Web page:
None like the system but there’s nothing that anyone can do anything about it, it’s been like this since the beginning of time. Once every year a pair of fated will be able to touch, while dates of when that happens differs it’s considered a blessing. There are a few cases of loss though. A pair of fated’s who never got the chance to touch each other as death got to them first. The pair who never got the chance to meet. And the pairs that are the fault in the system, waiting years upon years to the day where they’d get to hug and kiss their other half. And that day never came.
He saw it happen, right in front of his eyes. He saw a pair soulmates meet and he doubted he’d be able to get the looks of relief and sadness out of his mind, how the girl broke down and how the guy looked like he gave up. They never got close to each other, it was like an invisible wall that forced them apart, and not even their hands could touch. And at the age of 17 Yuta started doubting his excitement to meet his soulmate.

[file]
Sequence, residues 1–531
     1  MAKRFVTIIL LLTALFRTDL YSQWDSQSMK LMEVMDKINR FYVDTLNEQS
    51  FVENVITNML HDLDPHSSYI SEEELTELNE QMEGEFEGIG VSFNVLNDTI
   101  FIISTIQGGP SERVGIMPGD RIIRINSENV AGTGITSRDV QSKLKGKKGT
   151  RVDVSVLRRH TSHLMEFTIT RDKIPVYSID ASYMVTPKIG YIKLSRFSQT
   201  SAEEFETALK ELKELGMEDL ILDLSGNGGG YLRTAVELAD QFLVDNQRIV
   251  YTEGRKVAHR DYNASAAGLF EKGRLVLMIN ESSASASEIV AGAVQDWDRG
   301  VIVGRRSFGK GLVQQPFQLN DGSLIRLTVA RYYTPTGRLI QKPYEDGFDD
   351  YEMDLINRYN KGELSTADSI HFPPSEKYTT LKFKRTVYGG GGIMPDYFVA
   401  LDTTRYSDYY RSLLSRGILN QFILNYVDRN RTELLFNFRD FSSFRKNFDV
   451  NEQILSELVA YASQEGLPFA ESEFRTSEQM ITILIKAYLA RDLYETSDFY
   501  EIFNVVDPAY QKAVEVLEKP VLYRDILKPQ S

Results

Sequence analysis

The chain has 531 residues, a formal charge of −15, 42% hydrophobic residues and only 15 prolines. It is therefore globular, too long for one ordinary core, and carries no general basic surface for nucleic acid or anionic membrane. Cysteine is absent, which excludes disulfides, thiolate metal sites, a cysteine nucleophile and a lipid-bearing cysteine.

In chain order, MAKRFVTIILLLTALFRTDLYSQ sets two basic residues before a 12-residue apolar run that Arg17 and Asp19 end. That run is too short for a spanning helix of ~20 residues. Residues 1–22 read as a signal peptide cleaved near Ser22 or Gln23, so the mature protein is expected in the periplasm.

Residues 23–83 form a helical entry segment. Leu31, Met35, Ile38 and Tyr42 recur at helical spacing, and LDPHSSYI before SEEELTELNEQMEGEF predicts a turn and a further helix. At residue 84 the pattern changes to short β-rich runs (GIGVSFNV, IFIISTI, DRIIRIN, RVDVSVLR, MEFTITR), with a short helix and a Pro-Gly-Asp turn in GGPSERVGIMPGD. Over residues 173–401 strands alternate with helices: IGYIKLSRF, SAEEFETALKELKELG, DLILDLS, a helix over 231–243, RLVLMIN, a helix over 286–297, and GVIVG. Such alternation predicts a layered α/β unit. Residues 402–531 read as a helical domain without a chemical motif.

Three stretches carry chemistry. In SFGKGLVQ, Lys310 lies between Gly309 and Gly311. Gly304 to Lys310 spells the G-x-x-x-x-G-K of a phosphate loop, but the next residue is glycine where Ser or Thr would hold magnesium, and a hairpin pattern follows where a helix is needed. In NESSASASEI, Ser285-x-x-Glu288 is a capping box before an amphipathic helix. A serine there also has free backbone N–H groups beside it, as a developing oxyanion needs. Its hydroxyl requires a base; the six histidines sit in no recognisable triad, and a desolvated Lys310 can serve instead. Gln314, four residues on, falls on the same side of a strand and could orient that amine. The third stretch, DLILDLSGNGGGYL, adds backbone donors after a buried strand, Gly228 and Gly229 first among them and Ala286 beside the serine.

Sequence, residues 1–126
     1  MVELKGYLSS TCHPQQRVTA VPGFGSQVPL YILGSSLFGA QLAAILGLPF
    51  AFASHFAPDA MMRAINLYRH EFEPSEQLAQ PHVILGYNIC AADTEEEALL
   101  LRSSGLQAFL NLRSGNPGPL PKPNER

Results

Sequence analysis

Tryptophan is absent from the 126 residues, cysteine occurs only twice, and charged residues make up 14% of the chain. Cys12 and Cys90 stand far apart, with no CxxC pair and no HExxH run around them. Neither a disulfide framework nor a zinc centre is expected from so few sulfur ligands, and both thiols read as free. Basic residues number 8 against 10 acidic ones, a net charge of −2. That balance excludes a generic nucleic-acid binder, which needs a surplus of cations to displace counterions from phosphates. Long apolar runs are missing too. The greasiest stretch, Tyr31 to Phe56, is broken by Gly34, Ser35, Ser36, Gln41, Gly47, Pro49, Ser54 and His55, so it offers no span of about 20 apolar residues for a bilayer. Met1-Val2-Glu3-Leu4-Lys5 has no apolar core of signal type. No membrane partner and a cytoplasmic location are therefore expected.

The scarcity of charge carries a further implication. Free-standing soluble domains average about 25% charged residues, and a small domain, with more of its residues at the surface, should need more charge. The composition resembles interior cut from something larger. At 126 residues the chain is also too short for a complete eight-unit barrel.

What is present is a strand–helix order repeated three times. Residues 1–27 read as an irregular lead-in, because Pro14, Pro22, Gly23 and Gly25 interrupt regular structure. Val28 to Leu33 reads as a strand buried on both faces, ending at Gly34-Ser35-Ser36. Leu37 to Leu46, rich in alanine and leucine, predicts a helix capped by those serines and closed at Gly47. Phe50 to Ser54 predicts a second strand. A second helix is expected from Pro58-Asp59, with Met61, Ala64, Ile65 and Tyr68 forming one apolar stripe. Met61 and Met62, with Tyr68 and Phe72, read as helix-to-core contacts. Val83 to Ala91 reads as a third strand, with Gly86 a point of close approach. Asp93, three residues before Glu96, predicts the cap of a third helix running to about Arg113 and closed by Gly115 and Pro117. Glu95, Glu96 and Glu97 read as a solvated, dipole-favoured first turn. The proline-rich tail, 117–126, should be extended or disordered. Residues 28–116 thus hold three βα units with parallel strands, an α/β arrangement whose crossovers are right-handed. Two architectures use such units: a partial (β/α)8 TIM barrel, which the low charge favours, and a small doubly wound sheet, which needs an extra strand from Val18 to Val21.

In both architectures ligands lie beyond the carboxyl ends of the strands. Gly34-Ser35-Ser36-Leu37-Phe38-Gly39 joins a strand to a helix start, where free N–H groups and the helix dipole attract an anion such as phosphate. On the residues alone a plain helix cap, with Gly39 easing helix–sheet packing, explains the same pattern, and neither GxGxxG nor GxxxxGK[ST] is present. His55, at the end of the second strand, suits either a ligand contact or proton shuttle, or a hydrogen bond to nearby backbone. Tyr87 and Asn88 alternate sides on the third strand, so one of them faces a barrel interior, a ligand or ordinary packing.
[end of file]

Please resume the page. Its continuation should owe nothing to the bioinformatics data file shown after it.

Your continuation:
His friends all met their fated halves, they looked happy, spend time with each other despite the invisib le barrier than kept them apart.
“How do you do it?” he asked, “how do you stay happy when you can’t even get close to your soulmate”
“The system is evil,” he got as a reply “but it teaches you patience even in the cruellest ways. You learn ways around the system, and more often than not being in the presence of your soulmate is enough”
He supposed he should give it a try, all his friends are happy. So at the age of 18 Sicheng decided it alright to hope.